Jerry Russell, founder of Fort Worth's Stage West theater and father of state Senator Wendy Davis, has died. The sad news came from Davis, who released this statement Thursday morning: "I am heartbroken to report that my father, Jerry Russell, passed away peacefully in the early hours of this morning. He was surrounded by his children and his wife, our stepmom, Suzi [McLaughlin]. During his time in the hospital, there was never a moment that one of us wasn't by his side. We and the community will forever be grateful for the significant impact he made on our lives. He and his warm, sparkling brown eyes will be deeply missed. My family and I thank you for surrounding us with your prayers and comfort during this time."
Russell, 77, had been directing Stage West's latest production, Thank You, Jeeves, when he became ill and underwent stomach surgery in early August. Post-surgical complications worsened his condition. He remained on a ventilator. The production, closing out Stage West's 34th season, went on without him, opening on August 25 to good reviews.
Star-Telegram critic Mark Lowry's extensive obit tells the story of Russell's long career on local stages, including his own. Russell's most recent performance was in the one-man show Clarence Darrow, which he did last spring to open the new Studio Theatre next to Stage West.
We'll always remember that two of his best performances were at Contemporary Theatre of Dallas, where he was brilliant in the two-hander Visiting Mr. Green (alongside Ian Leson) and where his beautifully subtle acting was the only reason to see the old chestnut drama On Golden Pond.
See also: Jerry Russell Keeps On Golden Pond From Being its Schmaltzy Self
Here, Jerry Russell's colleagues and peers offer tributes to the man they loved as a director, actor and friend:
Kevin Moriarty, artistic director, Dallas Theater Center:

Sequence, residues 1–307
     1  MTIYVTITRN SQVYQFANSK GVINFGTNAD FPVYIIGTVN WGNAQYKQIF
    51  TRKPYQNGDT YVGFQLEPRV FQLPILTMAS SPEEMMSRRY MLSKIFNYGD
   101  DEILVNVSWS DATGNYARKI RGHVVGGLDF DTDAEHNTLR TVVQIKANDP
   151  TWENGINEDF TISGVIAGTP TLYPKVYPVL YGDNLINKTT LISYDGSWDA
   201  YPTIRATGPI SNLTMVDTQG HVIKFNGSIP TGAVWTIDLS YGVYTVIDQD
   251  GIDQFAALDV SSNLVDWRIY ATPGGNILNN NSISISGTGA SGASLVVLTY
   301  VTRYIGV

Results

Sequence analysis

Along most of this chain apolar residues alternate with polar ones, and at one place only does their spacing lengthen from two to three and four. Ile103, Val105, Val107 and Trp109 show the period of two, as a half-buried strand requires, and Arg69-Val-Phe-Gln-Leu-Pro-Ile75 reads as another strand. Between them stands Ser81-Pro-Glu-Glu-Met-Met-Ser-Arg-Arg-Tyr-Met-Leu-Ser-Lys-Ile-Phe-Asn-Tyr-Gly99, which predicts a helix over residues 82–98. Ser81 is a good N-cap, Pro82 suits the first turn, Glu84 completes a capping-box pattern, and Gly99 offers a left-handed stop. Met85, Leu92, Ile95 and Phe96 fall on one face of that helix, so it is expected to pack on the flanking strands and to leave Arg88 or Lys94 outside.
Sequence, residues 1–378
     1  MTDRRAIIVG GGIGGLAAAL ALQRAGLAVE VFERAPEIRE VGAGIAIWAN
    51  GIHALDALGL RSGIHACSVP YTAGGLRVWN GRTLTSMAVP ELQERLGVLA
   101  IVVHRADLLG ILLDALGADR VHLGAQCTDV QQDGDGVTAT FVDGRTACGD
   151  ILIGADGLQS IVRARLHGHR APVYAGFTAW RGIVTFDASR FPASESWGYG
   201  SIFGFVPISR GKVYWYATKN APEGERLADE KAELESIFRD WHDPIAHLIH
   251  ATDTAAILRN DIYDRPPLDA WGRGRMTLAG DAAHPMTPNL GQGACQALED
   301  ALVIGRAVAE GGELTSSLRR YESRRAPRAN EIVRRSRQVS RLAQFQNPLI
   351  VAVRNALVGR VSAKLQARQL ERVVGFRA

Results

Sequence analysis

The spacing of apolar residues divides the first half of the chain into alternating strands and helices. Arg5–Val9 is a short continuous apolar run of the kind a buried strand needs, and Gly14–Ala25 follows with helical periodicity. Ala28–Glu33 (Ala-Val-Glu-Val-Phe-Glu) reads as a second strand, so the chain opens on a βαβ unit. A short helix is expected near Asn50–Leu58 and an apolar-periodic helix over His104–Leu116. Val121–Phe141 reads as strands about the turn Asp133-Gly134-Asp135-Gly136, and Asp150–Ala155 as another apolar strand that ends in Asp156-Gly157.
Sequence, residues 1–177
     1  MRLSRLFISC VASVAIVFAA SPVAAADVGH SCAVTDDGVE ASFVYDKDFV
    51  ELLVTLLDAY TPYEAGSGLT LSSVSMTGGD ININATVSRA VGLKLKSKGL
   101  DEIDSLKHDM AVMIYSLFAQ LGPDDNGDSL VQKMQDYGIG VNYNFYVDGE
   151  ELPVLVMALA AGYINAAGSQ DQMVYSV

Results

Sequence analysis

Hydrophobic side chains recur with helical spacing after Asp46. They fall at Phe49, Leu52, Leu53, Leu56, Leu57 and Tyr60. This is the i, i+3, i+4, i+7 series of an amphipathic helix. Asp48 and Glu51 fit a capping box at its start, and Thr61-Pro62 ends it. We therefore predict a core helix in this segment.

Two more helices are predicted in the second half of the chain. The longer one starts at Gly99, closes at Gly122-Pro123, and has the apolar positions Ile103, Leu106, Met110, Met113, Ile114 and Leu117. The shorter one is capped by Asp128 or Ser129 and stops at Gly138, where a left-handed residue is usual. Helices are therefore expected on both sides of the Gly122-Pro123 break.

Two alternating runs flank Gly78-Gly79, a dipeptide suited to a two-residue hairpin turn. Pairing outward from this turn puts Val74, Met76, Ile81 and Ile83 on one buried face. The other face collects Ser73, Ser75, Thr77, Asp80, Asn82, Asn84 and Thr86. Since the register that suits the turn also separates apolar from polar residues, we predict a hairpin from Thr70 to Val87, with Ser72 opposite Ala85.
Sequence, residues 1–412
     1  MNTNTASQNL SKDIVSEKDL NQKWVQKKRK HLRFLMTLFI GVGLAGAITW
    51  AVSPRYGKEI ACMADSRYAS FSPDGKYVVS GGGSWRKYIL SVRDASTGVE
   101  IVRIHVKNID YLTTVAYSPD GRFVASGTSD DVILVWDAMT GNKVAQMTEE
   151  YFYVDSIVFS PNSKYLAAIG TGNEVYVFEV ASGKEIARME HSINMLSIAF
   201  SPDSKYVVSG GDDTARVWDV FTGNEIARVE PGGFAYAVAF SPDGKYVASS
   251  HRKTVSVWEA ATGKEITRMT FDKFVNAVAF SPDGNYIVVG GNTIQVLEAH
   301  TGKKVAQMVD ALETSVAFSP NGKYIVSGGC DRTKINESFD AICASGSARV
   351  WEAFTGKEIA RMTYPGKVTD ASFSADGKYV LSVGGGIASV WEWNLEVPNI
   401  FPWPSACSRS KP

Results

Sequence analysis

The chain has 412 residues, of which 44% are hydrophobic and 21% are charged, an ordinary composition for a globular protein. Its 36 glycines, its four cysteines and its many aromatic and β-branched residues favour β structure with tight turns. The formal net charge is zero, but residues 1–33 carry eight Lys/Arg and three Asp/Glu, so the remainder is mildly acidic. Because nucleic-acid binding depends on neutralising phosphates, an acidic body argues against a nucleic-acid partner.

"All of us at Dallas Theater Center are deeply saddened by the news of Jerry Russell's passing. Jerry was a legendary figure in our North Texas theater community. Stage West, the theater he created, will continue to stand as an enduring monument to his artistic contributions. Jerry was a beloved figure in the theater community for his unerring truthfulness on stage, his deeply collaborative creative process, his glorious sense of humor, his colorful storytelling and his deep, abiding love of theater. Jerry acted in six productions at Dallas Theater Center over the years, including those directed by DTC's former artistic director, Richard Hamburger, and myself. His last appearance on our stage was as Gonzalo in The Tempest in 2011. I had the great pleasure of collaborating with Jerry on that production. I was in awe of his ability to bring Shakespeare's words to life on stage with such beauty and grace, and I was equally enthralled offstage by his stories of a lifetime of creating theater. I was fortunate to see much of his work at Stage West over the years and to count him as a trusted colleague and friend. It's hard to imagine theater in North Texas without Jerry Russell. All of us are grieving and share our condolences with his family." (Russell appeared onstage at DTC in The Front Page, Of Mice and Men, Our Town, Cat on a Hot Tin Roof, Accidental Death of an Anarchist and The Tempest.)
Joel Ferrell, associate artistic director, Dallas Theater Center:
"I was lucky enough to work with Jerry in several capacities. He directed me, I directed him, and we worked on stage together as actors. He made all that possible out of generosity and trust.
"Jerry expected a lot, demanded a lot, and he had strong opinions and loved to spar. But, he made theater incredibly fun. You never doubted that he loved every insane minute of making a play come to life. And, he created space for so many theater artists to spread their wings. He gave me opportunities that allowed me to be daring and supported me when I was doubting myself.
"Jerry and I appeared together on stage at DTC in The Front Page and I don't think I have ever had more fun -- on stage or off.
"He was a mentor, wonderful colleague and dear friend.
"Jerry seemed ageless and timeless and it feels impossible that he is no longer with us. But, his life was so full and his personality so big-hearted, he is with us whenever we need him."
Jac Alder, founder and artistic director, Theatre Three:
"The awful fresh pain of loss will, in the lonely time we'll have following Jerry's death, be eased by the inspiration he exuded when he was with us. But right now, it feels nothing but awful."